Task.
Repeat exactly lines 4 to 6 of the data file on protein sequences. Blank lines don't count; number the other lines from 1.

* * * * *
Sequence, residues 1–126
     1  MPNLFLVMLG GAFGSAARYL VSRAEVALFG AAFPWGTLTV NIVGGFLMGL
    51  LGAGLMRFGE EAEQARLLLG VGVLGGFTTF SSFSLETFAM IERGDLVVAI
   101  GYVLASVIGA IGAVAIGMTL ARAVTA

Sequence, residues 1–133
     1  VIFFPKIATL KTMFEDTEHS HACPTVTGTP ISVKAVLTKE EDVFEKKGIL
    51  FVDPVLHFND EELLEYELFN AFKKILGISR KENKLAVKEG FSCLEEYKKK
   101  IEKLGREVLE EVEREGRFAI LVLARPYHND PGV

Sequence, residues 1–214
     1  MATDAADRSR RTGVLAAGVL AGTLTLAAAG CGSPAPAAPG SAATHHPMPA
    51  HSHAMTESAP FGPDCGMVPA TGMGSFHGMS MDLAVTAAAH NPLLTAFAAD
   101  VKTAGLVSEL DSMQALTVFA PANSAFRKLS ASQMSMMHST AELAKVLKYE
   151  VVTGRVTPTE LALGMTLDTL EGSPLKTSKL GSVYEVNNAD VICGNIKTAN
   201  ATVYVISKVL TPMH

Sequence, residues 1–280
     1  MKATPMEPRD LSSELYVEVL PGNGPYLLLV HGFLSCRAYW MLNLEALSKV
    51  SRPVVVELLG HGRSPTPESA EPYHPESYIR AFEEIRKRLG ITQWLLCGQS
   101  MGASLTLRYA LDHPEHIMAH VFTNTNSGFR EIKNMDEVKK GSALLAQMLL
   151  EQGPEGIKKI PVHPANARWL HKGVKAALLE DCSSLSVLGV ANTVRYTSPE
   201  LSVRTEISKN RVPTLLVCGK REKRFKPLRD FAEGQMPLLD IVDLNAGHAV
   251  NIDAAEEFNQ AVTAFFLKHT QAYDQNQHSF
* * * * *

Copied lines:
   101  GYVLASVIGA IGAVAIGMTL ARAVTA

Sequence, residues 1–133
     1  VIFFPKIATL KTMFEDTEHS HACPTVTGTP ISVKAVLTKE EDVFEKKGIL